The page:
New biofouling requirements poised to enter force in New Zealand from May 2018

The New Zealand Ministry for Primary Industries (MPI) has issued a notice announcing that all vessels arriving in New Zealand must have clean hulls from May 2018 as new biofouling regulations are set to become law. The Craft Risk Management Standard (CRMS) has been developed to provide guidance regarding compliance.

From May 2018, vessels must arrive in New Zealand with a clean hull. Vessels staying up to 20 days and only visiting designated ports (places of first arrival) will be allowed a slight amount of biofouling. Vessels staying longer and visiting other places will only be allowed a slime layer and goose barnacles.

Aligning New Zealand’s rules with international guidelines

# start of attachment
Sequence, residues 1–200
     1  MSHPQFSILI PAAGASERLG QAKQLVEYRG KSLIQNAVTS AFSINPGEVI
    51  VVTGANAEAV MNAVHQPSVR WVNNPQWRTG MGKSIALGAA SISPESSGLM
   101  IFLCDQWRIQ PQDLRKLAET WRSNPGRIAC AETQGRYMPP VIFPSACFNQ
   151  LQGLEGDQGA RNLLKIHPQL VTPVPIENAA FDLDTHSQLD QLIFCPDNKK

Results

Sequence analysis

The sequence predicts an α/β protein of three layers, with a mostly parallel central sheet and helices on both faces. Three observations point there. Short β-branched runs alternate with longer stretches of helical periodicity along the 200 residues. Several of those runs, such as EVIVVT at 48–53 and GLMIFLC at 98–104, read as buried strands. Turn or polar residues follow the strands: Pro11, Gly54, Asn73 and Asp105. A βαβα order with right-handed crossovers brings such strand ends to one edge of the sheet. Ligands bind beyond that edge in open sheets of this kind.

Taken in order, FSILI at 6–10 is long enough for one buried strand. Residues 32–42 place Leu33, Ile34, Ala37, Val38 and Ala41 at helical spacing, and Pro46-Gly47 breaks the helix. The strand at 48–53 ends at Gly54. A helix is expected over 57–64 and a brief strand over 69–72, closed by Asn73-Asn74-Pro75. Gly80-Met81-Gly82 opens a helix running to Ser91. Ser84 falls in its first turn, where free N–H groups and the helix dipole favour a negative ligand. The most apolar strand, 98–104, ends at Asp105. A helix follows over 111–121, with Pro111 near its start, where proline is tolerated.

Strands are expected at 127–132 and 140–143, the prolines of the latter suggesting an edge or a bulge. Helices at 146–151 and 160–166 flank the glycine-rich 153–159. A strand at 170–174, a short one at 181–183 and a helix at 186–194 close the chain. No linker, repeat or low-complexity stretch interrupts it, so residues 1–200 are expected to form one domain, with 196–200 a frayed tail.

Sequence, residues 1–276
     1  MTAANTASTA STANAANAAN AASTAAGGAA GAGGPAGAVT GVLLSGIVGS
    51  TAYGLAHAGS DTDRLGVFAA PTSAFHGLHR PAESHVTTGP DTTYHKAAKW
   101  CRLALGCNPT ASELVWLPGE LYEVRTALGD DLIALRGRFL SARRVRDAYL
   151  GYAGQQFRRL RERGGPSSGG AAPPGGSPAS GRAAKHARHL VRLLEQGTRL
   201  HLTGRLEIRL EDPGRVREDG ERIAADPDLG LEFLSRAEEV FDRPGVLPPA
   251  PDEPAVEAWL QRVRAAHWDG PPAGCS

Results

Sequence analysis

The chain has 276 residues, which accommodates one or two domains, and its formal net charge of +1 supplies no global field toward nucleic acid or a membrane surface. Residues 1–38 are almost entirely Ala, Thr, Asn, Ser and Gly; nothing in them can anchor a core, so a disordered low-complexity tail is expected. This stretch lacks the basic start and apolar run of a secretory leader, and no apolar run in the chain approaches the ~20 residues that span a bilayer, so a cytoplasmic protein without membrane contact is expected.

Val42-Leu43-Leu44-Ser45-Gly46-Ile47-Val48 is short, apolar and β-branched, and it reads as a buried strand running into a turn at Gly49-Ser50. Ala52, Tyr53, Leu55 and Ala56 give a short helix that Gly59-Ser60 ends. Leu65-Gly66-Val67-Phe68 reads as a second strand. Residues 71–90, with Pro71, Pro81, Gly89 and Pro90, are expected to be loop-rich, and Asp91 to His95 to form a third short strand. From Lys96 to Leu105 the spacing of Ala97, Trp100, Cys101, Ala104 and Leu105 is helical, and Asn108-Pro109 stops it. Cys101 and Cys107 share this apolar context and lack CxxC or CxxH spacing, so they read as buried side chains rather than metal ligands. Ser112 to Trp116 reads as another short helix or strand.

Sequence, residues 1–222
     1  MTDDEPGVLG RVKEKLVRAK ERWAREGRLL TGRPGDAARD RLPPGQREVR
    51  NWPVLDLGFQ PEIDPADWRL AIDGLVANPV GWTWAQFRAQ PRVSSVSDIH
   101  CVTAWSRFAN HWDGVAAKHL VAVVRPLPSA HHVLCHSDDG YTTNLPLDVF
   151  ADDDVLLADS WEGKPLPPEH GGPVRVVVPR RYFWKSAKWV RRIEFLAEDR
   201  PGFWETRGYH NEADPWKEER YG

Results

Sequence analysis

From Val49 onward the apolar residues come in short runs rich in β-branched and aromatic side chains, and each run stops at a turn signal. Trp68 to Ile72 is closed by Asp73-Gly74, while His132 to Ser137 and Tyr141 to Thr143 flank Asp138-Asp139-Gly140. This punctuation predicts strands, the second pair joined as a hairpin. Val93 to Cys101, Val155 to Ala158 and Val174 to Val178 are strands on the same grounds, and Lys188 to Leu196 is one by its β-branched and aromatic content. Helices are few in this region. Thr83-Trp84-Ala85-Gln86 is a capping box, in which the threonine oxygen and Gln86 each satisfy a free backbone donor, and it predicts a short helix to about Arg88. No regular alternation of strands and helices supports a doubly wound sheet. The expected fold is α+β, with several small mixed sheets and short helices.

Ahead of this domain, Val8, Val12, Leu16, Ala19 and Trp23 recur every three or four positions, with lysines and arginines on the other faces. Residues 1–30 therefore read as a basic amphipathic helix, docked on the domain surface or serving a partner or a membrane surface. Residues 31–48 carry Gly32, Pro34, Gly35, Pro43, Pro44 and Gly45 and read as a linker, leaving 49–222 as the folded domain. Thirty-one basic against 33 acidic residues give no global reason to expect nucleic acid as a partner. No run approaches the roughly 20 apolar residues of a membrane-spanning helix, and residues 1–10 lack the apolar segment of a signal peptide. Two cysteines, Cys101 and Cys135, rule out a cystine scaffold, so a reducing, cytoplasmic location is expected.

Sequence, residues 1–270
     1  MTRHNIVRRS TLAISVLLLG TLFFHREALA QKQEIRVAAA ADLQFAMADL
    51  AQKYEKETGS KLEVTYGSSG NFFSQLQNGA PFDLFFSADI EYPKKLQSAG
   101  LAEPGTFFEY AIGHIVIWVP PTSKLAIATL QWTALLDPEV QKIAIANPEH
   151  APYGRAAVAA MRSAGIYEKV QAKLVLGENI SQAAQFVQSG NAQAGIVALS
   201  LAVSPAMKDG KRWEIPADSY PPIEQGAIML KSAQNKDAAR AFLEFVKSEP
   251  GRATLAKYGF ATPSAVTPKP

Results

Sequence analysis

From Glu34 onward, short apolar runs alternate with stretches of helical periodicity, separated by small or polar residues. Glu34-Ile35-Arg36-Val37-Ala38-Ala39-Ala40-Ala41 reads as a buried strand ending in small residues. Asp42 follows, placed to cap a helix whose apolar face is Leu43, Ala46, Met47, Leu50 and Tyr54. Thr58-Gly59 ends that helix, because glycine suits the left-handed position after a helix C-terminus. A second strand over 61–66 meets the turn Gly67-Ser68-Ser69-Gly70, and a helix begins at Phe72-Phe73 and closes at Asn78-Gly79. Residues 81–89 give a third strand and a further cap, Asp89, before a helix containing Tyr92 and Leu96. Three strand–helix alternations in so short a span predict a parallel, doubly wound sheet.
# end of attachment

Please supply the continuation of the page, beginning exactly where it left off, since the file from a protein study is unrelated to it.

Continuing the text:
New Zealand’s CRMS requirements are based on the International Maritime Organisation’s Guidelines for the control and management of ships’ biofouling to minimize the transfer of invasive aquatic species. These provide examples of management best practice in this area.

Complying with new biofouling requirements

You will be able to meet the new clean hull requirements by doing one of the following:
– cleaning the vessel hull before arrival in New Zealand (less than 30 days before arrival)
– doing continual maintenance on the hull
– treating organisms on the hull (for example, with heat or chemicals) to kill them or make them sterile.

You can also submit an alternative approach to preventing unwanted marine pests (a craft risk management plan) to MPI for approval. For advice, email MPI.

What is continual maintenance?

Continual maintenance involves ongoing management, including:
– having a biofouling management plan specific to the vessel
– coating the hull with antifouling paint to prevent or minimise biofouling
– regularly inspecting and cleaning the hull
– keeping records to show how the process is managed.

Click to read the Craft Risk Management Standard: New Zealand regulation changes

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